TAKE THE B TRAIN

by Dimana Trankova; photography by Anthony Georgieff

Danube city of Ruse houses charming display of railway history

railway museum ruse.jpg

Wars are of course bad, but their side effects can sometimes be positive. Take, for example, the Crimean War of 1853-1856. This conflict, which engaged the Western powers in battle on the fringes of the Ottoman Empire, brought many European innovations to the backwater that was the Sultan's realms at that time. In the following years, the Bulgarian towns along the Danube experienced an influx of novelties, from the first theatre to the first newspaper.

The railway was one of the most radical innovations that came to the Bulgarian lands after the Crimean War. The conflict had exposed to everyone, including the Sultan, how backward his empire was technologically. In the late 1850s, it was decided that the Balkans should be criss-crossed with railways to facilitate trade and, if necessary, the transportation of soldiers.

Museum of Railways, BulgariaEngine 148, the first ever to throttle in Bulgaria

After some typically Ottoman scheming, procrastination and obviously a few bribes, the first of the planned railways was built in 1866. It connected Ruse, a major city on the Danube, with Varna, on the Black Sea, considerably shortening the route from Central Europe to the Eastern Mediterranean. The investors were the English brothers Trevor and Henry Barkley, who would have exclusive rights for 99 years before ceding them to the Ottoman Empire.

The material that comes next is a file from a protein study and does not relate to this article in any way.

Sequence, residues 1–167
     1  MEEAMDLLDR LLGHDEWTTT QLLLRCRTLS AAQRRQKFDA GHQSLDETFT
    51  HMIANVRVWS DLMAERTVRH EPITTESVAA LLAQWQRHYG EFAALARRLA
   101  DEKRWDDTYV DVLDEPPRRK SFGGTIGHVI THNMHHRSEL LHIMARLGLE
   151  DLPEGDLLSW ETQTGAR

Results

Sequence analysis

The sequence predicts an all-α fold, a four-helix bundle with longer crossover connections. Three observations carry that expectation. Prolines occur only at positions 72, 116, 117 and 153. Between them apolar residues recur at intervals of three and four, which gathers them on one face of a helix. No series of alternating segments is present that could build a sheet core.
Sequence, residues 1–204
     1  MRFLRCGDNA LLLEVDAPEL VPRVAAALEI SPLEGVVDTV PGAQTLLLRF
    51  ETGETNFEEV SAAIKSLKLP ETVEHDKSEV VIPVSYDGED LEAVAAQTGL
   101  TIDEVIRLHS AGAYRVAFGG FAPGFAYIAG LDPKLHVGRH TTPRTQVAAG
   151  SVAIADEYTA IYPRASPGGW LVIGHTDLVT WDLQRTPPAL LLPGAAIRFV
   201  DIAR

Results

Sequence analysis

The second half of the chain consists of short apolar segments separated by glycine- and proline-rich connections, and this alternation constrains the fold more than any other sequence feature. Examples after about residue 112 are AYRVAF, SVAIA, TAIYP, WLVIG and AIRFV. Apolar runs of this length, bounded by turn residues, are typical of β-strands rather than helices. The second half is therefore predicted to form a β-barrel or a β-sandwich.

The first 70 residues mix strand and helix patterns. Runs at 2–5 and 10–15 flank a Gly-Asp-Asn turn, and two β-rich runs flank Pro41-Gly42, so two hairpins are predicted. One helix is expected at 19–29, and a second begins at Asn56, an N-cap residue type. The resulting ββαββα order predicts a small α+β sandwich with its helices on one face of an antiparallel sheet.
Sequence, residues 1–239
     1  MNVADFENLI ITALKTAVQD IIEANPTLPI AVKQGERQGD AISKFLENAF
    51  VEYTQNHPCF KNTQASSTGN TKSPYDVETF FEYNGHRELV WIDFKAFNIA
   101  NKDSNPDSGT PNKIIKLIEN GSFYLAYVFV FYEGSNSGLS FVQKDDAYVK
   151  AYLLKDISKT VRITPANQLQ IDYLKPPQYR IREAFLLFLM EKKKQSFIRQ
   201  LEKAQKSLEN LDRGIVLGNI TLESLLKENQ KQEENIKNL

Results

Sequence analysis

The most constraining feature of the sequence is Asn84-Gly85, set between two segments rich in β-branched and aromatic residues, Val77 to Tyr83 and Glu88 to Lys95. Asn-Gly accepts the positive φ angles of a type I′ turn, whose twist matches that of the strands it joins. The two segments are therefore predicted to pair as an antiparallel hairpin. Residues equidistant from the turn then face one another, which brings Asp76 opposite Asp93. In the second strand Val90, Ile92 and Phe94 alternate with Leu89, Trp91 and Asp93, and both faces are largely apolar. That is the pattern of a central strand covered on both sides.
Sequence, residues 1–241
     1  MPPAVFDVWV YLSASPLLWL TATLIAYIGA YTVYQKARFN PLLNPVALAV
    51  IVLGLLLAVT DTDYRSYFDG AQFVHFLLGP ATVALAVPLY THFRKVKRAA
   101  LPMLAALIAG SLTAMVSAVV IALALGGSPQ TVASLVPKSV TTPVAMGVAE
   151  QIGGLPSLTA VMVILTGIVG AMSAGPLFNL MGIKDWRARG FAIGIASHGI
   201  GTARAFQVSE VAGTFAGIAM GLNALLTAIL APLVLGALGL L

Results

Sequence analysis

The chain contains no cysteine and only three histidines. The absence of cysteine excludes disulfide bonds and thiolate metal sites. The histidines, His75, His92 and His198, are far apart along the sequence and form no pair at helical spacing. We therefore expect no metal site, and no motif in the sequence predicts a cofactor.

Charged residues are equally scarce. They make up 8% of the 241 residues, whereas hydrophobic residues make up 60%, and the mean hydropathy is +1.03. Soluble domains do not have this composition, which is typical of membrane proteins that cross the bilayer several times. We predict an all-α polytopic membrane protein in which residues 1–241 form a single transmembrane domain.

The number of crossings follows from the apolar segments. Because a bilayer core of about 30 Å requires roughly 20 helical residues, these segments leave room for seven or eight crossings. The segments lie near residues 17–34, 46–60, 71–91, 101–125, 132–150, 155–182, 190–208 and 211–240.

Numerous troubles followed, including the first railway accident in Bulgaria in 1867, and financial losses which forced the brothers to sell the line to Baron Hirsch, who was building another railway, in southern Bulgaria. After Bulgaria regained independence, in 1878, the Ruse-Varna railway was sold to the Bulgarian state.

Museum of Railways, BulgariaA Morse telegraph. The first telegraph line in the country was finished in 1866 and run between Ruse and Varna

Ruse continues to be a major railway crossroads, connecting Eastern Europe with the Balkans and the Mediterranean. The first railway station, built by the Barkley brothers on the bank of the Danube, however, is no longer in use. In 1954 Ruse's railway station was moved inland to a larger building designed to cope with the increased traffic. The old station was left empty until 1966 when it became the home of the first and only National Transport Museum in Bulgaria.

Museum of Railways, BulgariaThe carriage which took Sultan Abdülaziz on a railroad travel from Varna to Ruse, in 1867. Appropriately, it was named Sultanie. Later, it carried other royalties like the French Empress Eugenie

The first impression on entering the brick-and-mortar Barkley station can be a little disappointing. The museum has barely changed since 1966. Its brightly-lit rooms are full of dusty and dutifully, if unimaginatively, arranged paraphernalia, models and knick-knacks from all the major stages of the development of communications and land and river transport in Bulgaria. The most interesting exhibit is probably the old fashioned but still working toy model of a railway system.

What makes the museum a place to remember is in the backyard. Lined up along the Danube shores are engines and carriages that carried various important people and witnessed the major events that the movers and shakers of the day participated in.